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Markets, International Trade, and the Government

You are given the following scenarios for consideration:

Scenario 1: Assume that the government imposed a price ceiling on gasoline in order to prevent prices from getting too high. What are the economic implications of this action in the gasoline markets?

Scenario 2: Assume that the government imposed a price floor on wages (minimum wage) in order to make sure that workers can earn a living wage. Is this a price floor? What are the economic implications of this action in the labor markets?

Scenario 3: What are the gains and losses of international trade? What happens when tariffs are imposed, in terms of the importing and exporting countries?

Scenario 4: If the government doubled the tax on gasoline, would the tax revenues increase or decrease? Why? Use graphs as needed and explain your answers thoroughly.

Solution Preview

Scenario 1: Assume that the government imposed a price ceiling on gasoline in order to prevent prices from getting too high. What are the economic implications of this action in the gasoline markets?

According to the Scholar (2013), price ceiling is the legislated maximum level that the price of a good or service can go up to is a legislated price. Price ceiling imposed by the government though effective in the short run, may have its inherent problems later.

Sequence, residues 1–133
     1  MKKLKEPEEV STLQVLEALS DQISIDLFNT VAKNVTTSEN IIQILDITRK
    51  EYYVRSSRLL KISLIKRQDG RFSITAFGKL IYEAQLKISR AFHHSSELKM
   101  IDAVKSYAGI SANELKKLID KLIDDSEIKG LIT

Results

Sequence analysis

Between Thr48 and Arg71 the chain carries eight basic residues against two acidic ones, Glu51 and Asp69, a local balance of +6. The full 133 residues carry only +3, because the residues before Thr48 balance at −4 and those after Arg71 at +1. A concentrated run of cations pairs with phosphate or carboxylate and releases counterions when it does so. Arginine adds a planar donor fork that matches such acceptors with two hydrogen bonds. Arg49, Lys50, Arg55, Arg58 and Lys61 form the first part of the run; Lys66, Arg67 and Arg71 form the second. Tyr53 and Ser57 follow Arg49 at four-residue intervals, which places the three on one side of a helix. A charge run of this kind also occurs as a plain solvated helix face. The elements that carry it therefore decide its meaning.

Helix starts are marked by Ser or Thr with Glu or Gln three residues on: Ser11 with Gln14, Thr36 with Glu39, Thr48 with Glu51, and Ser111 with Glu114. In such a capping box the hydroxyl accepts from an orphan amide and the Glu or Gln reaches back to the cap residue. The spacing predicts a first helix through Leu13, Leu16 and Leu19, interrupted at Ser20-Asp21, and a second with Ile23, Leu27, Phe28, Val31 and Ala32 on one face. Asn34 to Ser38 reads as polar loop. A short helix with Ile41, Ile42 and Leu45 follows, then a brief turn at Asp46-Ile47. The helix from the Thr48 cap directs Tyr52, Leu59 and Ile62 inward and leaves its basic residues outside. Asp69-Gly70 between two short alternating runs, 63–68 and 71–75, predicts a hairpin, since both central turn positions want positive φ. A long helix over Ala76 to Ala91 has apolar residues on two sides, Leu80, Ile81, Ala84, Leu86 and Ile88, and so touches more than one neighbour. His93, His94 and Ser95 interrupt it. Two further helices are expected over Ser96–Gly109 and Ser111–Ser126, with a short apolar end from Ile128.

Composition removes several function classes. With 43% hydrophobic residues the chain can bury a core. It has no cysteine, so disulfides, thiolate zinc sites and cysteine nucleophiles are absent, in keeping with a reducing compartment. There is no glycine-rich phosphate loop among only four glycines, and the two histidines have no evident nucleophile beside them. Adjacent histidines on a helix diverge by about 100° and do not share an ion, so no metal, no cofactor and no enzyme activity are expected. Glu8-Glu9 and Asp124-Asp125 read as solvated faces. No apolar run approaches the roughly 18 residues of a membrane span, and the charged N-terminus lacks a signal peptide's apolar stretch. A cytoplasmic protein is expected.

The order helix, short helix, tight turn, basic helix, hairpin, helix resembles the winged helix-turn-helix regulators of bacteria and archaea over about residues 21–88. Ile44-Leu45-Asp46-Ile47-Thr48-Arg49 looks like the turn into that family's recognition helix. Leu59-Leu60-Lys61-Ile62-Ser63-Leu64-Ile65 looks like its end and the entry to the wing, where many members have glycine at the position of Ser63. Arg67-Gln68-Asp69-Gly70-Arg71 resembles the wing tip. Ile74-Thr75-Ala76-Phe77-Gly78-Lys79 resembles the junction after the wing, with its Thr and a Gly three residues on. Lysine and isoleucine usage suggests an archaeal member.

Price ceiling imposed may be higher or lower than the equilibrium price.
If the price ceiling is higher than the equilibrium price, it has no use because firms will continue to sell at the equilibrium price and consumers will be willing to buy at an amount at the equilibrium price. For example, if the government imposed a price ceiling of $250 for a product or service currently selling at $150, nobody would be noticing it because consumers will still patronize the product or service at the rate of $150. Economists termed this as "non-binding price ceiling".

The graph in the attached work document shows a price ceiling below the equilibrium ...

Solution Summary

The solution discusses scenarios on price ceiling on gasoline and prices, price floor on wages, gains and losses of international trade, tariffs imposition, and doubled the tax on gasoline.

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